Last week’s decision by the U.S. Supreme Court to not review Wynn Las Vegas’ long-running tip-sharing case was regarded by many as a victory for the casino’s dealers.
In reality, it’s just another stop on the tortuous road that casino management and employees have traveled since the tip policy was first announced in 2006.
The case now goes back to District Court for hearings before Judge Robert Jones. In the meantime, it’s possible that references to the policy might show up in federal or state legislation or might become a part of a collective bargaining agreement when Wynn dealers negotiate a union contract due to expire in 2020.
Wynn Las Vegas is the only casino to have a policy in place that shares tips collected by dealers with their pit supervisors, who get 15 percent. It was announced in August 2006 and put in place a month later because Wynn’s high-end customers tend to tip more than at other resorts. As a result, dealers were taking home more than their bosses.
Rather than pay pit bosses more, then-CEO Steve Wynn opted to split tokes earned by the front-line employees with their overseers. Moreover, it was the supervisors who counted the nightly tip revenue to split, and the front-liners had no idea whether that count was accurate.
The plan angered dealers so much that they opted to be represented by the Transport Workers Union in May 2007 — despite Steve Wynn pleading with workers to not organize. It took until November 2010 to draft the dealers’ initial contract, and it didn’t address the tip policy because the issue was so contentious.
It’s hard to say how much of the money was given to the supervisors, but Joshua Buck of Thierman Buck LLP, the law firm representing the estimated 800 current and former dealers, said that over the nearly 12-year life of the policy, the total could reach $50 million.
A dealer union representative, Kanie Kastroll, said she believes the policy has cost her at least $150,000.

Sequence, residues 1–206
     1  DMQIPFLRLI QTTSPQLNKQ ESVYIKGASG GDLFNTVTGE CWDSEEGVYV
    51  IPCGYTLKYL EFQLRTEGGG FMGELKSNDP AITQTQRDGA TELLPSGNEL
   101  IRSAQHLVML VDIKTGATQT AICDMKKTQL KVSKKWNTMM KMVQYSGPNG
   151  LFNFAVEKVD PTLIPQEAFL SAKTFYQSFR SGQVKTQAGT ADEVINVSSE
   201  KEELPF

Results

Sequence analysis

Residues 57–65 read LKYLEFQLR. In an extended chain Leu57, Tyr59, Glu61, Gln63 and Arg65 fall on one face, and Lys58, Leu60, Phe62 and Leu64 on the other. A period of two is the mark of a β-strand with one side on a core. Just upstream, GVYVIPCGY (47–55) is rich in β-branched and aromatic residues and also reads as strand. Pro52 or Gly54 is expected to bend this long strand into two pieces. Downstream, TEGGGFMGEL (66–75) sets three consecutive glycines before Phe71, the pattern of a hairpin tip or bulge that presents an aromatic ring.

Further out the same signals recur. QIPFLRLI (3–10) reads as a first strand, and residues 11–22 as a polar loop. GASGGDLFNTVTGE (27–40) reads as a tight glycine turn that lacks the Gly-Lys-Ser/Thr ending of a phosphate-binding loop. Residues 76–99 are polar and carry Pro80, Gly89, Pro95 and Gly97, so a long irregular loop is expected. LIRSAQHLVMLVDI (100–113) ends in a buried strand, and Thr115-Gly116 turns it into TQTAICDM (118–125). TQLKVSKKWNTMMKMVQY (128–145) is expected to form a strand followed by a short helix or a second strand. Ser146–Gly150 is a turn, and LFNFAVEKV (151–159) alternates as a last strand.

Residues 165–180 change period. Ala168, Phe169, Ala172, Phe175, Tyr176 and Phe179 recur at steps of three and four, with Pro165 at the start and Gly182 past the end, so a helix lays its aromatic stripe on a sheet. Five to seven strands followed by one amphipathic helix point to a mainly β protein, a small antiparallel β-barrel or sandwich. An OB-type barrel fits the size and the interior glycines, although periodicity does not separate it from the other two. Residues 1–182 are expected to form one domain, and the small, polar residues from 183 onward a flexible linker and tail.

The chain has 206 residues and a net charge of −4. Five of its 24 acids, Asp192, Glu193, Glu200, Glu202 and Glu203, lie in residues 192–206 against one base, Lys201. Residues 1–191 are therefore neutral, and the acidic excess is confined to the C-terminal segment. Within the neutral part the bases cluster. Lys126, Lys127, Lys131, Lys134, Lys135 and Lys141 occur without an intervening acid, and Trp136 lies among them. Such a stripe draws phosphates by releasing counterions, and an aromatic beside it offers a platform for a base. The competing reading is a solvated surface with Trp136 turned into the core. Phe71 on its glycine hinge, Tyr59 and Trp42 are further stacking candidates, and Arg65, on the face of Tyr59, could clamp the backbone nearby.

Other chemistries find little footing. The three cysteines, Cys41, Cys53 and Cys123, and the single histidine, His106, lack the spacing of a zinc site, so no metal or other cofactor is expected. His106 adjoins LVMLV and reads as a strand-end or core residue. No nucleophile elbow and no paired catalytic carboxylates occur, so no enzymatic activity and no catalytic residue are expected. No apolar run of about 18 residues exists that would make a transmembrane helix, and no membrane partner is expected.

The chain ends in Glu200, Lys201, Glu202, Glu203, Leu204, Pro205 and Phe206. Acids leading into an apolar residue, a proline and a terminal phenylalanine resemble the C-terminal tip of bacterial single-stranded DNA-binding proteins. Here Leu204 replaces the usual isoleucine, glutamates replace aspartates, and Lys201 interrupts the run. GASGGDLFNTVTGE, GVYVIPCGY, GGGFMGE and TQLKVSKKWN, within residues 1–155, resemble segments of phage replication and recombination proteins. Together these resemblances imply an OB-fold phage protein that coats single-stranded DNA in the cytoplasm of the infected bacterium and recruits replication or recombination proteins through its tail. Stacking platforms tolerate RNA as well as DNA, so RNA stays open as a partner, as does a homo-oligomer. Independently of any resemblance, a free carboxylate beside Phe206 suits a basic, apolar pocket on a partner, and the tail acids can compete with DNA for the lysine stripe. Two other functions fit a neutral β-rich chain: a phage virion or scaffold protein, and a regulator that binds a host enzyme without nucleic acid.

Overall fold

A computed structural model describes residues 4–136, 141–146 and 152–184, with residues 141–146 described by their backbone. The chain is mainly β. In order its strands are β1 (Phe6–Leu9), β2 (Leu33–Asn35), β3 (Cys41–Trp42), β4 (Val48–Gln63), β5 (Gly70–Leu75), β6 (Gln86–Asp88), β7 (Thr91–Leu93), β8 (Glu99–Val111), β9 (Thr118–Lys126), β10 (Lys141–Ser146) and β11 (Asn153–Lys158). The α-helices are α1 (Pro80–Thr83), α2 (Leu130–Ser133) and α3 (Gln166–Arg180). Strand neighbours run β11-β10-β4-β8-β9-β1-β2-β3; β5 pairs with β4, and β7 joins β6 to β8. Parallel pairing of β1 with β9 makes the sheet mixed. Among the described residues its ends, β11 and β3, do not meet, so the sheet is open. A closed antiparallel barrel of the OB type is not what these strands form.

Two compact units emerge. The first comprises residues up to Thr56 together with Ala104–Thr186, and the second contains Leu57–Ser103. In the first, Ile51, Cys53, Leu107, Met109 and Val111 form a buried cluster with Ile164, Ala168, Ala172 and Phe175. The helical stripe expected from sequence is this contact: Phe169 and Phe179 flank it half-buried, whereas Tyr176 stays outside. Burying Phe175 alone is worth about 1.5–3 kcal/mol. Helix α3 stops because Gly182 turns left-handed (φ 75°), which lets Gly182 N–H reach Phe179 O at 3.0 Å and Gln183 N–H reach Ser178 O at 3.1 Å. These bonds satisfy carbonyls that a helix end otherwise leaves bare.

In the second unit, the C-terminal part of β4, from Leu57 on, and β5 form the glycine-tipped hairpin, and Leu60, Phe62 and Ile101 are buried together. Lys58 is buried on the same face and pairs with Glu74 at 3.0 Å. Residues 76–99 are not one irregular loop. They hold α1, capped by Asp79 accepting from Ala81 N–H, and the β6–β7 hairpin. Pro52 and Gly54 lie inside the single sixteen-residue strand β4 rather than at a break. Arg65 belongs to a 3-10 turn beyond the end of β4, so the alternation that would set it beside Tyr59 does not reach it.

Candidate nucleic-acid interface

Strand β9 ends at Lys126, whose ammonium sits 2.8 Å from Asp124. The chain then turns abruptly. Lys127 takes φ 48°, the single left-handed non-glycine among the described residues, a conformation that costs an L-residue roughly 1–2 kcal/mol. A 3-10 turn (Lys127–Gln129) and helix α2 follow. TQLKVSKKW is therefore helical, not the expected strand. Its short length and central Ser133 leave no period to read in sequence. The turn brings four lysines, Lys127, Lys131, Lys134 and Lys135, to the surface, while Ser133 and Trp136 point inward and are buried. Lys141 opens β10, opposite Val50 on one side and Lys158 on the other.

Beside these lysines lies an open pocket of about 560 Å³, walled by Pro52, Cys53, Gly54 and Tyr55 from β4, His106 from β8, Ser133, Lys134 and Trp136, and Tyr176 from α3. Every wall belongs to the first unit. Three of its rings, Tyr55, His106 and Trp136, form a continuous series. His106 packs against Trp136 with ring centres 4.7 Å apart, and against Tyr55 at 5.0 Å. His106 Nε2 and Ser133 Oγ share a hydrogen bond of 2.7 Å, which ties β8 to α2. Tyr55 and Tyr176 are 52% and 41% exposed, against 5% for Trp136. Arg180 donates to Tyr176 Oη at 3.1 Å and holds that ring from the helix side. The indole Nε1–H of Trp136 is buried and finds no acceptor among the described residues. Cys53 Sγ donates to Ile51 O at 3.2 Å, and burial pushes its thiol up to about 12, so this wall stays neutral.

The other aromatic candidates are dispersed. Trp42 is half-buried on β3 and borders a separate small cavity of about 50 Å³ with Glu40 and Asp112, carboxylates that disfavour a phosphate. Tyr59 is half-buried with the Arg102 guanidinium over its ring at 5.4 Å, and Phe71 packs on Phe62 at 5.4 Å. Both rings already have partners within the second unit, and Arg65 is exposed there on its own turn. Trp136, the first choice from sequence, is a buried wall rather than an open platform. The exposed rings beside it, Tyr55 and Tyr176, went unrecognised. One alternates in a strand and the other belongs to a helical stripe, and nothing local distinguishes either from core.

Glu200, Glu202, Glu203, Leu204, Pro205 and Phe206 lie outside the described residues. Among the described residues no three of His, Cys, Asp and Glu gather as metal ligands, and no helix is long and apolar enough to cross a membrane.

The best dealers can do is collect lost compensation since May 2011.
Now that the Supreme Court has rejected a hearing, the 9th U.S. Circuit Court’s February 2016 decision remanding the case to Clark County is in play.
Ruben Garcia, co-director of the UNLV Workplace Law Program and a professor specializing in employment law, said after the Supreme Court announcement that legal interpretations of employment law under the Obama administration are different from those under the Trump administration.
One of the issues: whether the pit bosses technically are supervisors. Garcia noted that Congress and the Nevada Legislature could try to clarify terms with new legislation.
“The recent budget reconciliation had a provision in it that said the tips are the property of the employee, so that answers some questions about this,” Garcia said in a telephone interview. “In other words, the tips can’t be shared by supervisors. Remember, the issue that went up to the Nevada Supreme Court (in 2013) was that under state law, the question has been, ‘Are these really supervisors?’
“There’s a whole different determination now under federal law whether these floor managers are actually supervisors under federal law, in which case the new law would prevent that kind of pooling,” he said. “It doesn’t deal with co-employees per se, but as long as you decide they’re supervisors, federal law would make that a violation.”
There’s also a new top executive at Wynn, and dealers have called on CEO Matt Maddox to end the policy and settle the existing lawsuit against the company.
But it doesn’t appear that’s going anywhere.
“We will vigorously defend our position and anticipate a finding in our favor,” a company spokesman said after the Supreme Court announcement.
With all the new court hearings and the possibility of legislative changes in the months ahead, it might take until 2020, when the current 10-year dealer contract ends, to resolve the issue.
That’s the year Wynn projects its new convention center and Paradise Park lagoon amenities to open.